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RIM Launches Three New BlackBerry 7 Phones: Bold 9900, Torch 9810, and Torch 9850/9860

BlackBerry 7 smartphones are on their way, and RIM has a trio of handsets ready to tempt shoppers. All devices use a 1.2-GHz processor to run the new BlackBerry 7 OS, which promises 40 percent faster web browsing performance than BlackBerry 6 phones. You'll also get Liquid Graphics technology for a smoother touch experience,  a souped up BlackBerry Messenger, and voice-activated search.

Here's a quick look at the three new BlackBerrys, which will be available from carriers "starting later this month." No word yet on specific dates or pricing.

BlackBerry Torch 9850/9860

This all-touch design is the long-awaited sequel to the Storm. The Torch 9850/9860 features a 3.7-inch display (800 x 480 pxiels), which RIM says is optimized for surfing the web and enjoying photos, videos, and games. You also get a 5-MP camera with HD video recording. All of this is wrapped up in a pocket-friendly 4.8-ounce package. It will be interesting to see whether Android fans will give this Torch a shot.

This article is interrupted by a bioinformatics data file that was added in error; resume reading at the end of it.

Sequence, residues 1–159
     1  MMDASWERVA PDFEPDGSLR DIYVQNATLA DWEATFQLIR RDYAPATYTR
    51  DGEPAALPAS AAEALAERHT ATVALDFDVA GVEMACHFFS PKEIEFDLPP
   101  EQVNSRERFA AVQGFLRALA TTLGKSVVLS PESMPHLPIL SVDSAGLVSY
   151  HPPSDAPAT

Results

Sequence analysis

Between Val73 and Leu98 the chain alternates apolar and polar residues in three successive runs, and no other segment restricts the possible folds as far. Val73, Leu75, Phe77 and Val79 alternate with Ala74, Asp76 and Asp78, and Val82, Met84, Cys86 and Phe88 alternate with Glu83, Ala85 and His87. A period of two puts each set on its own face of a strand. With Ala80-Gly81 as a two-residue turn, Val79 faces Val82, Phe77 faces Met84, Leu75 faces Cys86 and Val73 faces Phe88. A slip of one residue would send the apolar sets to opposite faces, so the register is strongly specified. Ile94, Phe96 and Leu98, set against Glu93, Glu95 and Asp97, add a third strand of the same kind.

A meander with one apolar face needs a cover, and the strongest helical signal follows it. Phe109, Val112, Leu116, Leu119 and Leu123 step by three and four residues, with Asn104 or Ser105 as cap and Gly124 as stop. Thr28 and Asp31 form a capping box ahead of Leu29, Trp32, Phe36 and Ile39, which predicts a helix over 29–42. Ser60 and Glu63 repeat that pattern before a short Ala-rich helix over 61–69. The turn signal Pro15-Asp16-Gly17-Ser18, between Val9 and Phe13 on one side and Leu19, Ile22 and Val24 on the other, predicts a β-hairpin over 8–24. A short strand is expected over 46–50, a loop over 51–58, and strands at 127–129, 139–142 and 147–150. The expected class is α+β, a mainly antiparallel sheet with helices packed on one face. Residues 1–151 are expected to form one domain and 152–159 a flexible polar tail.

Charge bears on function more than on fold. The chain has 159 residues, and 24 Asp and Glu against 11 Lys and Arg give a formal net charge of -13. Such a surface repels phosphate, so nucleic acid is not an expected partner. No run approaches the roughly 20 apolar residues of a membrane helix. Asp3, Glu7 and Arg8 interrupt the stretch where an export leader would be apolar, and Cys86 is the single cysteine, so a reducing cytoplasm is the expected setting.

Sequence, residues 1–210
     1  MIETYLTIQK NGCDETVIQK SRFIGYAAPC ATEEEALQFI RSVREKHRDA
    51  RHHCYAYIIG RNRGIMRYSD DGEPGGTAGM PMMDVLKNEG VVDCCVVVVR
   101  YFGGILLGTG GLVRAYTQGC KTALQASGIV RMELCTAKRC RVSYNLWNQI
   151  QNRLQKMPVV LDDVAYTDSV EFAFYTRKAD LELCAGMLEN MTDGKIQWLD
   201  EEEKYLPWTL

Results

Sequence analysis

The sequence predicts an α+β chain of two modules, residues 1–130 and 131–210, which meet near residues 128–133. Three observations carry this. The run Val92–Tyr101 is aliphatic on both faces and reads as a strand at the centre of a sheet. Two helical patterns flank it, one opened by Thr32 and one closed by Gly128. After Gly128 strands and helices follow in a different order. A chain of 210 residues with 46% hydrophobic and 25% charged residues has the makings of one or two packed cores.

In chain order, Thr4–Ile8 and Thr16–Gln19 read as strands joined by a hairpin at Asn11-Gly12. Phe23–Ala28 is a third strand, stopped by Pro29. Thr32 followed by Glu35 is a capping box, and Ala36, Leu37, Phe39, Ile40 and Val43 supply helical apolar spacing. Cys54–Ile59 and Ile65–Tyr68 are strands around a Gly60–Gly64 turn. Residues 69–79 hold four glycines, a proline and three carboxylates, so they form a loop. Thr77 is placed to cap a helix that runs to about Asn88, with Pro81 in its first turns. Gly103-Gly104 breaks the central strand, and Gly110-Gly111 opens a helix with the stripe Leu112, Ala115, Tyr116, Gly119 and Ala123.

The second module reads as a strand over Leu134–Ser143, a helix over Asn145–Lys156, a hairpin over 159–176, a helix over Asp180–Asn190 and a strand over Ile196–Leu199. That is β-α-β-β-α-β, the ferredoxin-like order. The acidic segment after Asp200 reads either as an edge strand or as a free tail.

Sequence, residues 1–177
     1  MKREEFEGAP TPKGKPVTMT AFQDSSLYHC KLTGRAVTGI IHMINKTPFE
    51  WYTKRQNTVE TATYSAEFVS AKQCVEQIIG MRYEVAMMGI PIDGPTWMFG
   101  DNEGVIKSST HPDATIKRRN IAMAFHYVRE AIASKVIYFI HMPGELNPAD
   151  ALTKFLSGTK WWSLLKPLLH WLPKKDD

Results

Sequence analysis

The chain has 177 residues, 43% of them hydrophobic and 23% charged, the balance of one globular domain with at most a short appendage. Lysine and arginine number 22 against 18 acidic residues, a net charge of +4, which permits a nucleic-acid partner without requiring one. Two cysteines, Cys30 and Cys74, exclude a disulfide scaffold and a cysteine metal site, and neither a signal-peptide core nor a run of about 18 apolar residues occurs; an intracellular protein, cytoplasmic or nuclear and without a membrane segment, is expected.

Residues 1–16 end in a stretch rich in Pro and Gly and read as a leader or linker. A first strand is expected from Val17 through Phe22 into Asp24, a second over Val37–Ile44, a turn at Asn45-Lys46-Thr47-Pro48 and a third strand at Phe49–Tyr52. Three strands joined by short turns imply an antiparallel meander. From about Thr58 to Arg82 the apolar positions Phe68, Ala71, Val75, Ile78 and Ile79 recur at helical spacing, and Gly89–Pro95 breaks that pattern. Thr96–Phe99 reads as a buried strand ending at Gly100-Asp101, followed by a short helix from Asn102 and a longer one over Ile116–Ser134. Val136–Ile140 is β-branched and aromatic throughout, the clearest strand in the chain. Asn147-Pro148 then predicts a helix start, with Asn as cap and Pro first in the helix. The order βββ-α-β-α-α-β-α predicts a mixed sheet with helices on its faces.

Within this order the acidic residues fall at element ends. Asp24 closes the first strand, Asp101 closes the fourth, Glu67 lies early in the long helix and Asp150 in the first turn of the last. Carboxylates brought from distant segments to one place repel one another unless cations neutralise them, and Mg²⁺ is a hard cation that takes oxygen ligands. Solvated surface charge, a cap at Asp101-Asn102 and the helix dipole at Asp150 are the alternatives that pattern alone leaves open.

BlackBerry Torch 9810

Our review of the original BlackBerry Torch for AT&T was lukewarm because the screen resolution was low and the performance was slow. The Torch 9810 is looking much better, pairing a sharper 640 x 480 display with the 1.2-GHz CPU with an improved slide-out keyboard. The handset includes 8GB of memory and weighs 5.7 ounces.

BlackBerry Bold 9900/9930

As we reported previously, the Bold 9900/9930 combines a touch VGA display with a full keyboard in a deliciously slim design. You also get NFC support for pairing accessories and reading poster tags. Abrushed stainless steel frame adds a touch of class to this 4.6-ounce stunner.

Responsible for the editorial vision for Laptop Mag and Tom's Guide, Mark Spoonauer has been Editor in Chief of LAPTOP since 2003 and has covered technology for nearly 15 years. Mark speaks at key tech industry events and makes regular media appearances on CNBC, Fox and CNN. Mark was previously reviews editor at Mobile Computing, and his work has appeared in Wired, Popular Science and Inc.